Elucidating the role of exogenous melatonin in mitigating alkaline stress in soybeans across different growth stages: a transcriptomic and metabolomic approach

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BMC Plant Biol. 2024 May 8;24(1):380. doi: 10.1186/s12870-024-05101-9.

ABSTRACT

BACKGROUND: Soybean (Glycine max), a vital grain and oilseed crop, serves as a primary source of plant protein and oil. Soil salinization poses a significant threat to soybean planting, highlighting the urgency to improve soybean resilience and adaptability to saline stress. Melatonin, recently identified as a key plant growth regulator, plays crucial roles in plant growth, development, and responses to environmental stress. However, the potential of melatonin to mitigate alkali stress in soybeans and the underlying mechanisms remain unclear.

RESULTS: This study investigated the effects of exogenous melatonin on the soybean cultivar Zhonghuang 13 under alkaline stress. We employed physiological, biochemical, transcriptomic, and metabolomic analyses throughout both vegetative and pod-filling growth stages. Our findings demonstrate that melatonin significantly counteracts the detrimental effects of alkaline stress on soybean plants, promoting plant growth, photosynthesis, and antioxidant capacity. Transcriptomic analysis during both growth stages under alkaline stress, with and without melatonin treatment, identified 2,834 and 549 differentially expressed genes, respectively. These genes may play a vital role in regulating plant adaptation to abiotic stress. Notably, analysis of phytohormone biosynthesis pathways revealed altered expression of key genes, particularly in the ARF (auxin response factor), AUX/IAA (auxin/indole-3-acetic acid), and GH3 (Gretchen Hagen 3) families, during the early stress response. Metabolomic analysis during the pod-filling stage identified highly expressed metabolites responding to melatonin application, such as uteolin-7-O-(2”-O-rhamnosyl)rutinoside and Hederagenin-3-O-glucuronide-28-O-glucosyl(1,2)glucoside, which helped alleviate the damage caused by alkali stress. Furthermore, we identified 183 differentially expressed transcription factors, potentially playing a critical role in regulating plant adaptation to abiotic stress. Among these, the gene SoyZH13_04G073701 is particularly noteworthy as it regulates the key differentially expressed metabolite, the terpene metabolite Hederagenin-3-O-glucuronide-28-O-glucosyl(1,2)glucoside. WGCNA analysis identified this gene (SoyZH13_04G073701) as a hub gene, positively regulating the crucial differentially expressed metabolite of terpenoids, Hederagenin-3-O-glucuronide-28-O-glucosyl(1,2)glucoside. Our findings provide novel insights into how exogenous melatonin alleviates alkali stress in soybeans at different reproductive stages.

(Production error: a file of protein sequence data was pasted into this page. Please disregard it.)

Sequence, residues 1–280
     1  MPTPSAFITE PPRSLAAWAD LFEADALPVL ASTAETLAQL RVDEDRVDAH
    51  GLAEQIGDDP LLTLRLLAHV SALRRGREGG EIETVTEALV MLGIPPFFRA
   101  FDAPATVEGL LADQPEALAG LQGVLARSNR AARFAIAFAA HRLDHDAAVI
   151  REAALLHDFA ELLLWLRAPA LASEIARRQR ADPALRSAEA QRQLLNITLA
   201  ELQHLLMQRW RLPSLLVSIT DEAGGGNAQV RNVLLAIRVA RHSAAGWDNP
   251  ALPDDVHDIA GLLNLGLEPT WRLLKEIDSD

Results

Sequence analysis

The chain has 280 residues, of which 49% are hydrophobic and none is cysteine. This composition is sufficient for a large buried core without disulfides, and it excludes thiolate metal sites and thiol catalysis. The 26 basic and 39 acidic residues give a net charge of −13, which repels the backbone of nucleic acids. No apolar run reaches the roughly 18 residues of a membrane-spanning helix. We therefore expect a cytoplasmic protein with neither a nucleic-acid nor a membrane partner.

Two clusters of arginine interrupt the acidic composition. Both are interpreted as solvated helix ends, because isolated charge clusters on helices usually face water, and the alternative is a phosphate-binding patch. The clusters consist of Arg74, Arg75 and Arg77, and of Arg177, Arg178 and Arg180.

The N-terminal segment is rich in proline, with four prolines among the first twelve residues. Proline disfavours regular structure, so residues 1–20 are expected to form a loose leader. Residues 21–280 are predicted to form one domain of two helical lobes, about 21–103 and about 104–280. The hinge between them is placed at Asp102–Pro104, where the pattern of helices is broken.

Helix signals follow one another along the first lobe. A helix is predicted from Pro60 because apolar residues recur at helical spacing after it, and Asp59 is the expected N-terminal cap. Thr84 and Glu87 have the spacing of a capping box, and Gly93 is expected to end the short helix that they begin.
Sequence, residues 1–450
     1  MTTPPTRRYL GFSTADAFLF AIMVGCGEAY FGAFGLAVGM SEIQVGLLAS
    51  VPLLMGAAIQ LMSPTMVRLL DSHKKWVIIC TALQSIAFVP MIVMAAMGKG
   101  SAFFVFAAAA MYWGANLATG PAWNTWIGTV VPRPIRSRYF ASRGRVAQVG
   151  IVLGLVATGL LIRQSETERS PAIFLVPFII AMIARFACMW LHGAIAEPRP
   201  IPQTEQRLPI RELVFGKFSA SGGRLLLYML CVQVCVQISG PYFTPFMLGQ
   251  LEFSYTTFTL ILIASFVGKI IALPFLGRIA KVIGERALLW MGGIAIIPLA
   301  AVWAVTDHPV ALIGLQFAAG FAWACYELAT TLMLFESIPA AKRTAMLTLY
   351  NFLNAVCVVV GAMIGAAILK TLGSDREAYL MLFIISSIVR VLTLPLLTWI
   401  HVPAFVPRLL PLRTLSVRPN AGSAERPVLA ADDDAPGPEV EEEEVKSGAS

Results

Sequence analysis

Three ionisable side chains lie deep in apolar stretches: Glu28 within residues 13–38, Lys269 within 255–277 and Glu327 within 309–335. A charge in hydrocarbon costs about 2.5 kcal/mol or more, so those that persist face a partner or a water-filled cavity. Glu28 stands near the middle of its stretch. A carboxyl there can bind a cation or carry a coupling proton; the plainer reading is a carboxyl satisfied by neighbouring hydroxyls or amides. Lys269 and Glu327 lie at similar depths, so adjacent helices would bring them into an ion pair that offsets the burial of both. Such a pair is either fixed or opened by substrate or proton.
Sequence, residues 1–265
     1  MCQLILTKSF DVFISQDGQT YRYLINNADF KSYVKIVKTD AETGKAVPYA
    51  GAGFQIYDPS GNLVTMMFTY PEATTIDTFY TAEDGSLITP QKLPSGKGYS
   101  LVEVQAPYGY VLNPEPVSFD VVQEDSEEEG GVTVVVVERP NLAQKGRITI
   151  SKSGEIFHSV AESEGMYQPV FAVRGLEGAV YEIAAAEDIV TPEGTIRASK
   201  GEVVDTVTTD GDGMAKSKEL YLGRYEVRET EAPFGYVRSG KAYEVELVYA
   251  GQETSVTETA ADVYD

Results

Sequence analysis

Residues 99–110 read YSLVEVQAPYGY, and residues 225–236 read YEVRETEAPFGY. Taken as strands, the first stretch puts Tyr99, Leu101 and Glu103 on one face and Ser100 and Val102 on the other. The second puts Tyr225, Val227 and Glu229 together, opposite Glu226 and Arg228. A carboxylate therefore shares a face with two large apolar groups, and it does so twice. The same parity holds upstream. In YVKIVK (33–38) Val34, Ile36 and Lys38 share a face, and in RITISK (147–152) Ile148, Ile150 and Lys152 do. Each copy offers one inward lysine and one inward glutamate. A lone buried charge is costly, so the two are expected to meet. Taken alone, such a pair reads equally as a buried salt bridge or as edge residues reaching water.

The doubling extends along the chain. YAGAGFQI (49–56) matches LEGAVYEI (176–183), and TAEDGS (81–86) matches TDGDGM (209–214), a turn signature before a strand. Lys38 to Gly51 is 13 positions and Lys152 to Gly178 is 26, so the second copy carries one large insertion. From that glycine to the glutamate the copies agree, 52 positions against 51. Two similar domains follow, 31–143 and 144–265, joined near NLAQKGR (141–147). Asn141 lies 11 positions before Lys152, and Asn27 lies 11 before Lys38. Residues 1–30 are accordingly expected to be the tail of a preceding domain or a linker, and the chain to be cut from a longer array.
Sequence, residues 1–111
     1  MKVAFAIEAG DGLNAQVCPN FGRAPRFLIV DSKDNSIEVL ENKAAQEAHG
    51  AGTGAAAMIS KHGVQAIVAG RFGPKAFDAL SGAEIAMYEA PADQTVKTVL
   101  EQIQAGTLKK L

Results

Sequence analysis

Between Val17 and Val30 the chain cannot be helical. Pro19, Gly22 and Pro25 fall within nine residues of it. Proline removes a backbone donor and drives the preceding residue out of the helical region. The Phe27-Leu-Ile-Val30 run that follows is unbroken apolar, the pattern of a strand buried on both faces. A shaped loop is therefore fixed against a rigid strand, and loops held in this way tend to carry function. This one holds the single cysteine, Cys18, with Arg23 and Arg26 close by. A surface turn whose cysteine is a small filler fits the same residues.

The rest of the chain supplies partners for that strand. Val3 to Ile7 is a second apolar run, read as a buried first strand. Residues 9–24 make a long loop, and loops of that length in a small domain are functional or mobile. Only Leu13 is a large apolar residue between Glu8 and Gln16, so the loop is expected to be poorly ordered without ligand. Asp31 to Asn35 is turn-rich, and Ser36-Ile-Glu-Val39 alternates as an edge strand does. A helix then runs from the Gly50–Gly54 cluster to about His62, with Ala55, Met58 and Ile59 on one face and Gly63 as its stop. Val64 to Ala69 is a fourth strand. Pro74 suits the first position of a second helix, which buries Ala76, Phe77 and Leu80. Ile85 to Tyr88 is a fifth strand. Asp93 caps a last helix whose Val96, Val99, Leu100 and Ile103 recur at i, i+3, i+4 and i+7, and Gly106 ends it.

CONCLUSIONS: Integrating transcriptomic and metabolomic approaches, our study elucidates the mechanisms by which exogenous melatonin ameliorates the inhibitory effects of alkaline stress on soybean growth and development. This occurs through modulation of biosynthesis pathways for key compounds, including terpenes, flavonoids, and phenolics. Our findings provide initial mechanistic insights into how melatonin mitigates alkaline stress in soybeans, offering a foundation for molecular breeding strategies to enhance salt-alkali tolerance in this crop.

PMID:38720246 | DOI:10.1186/s12870-024-05101-9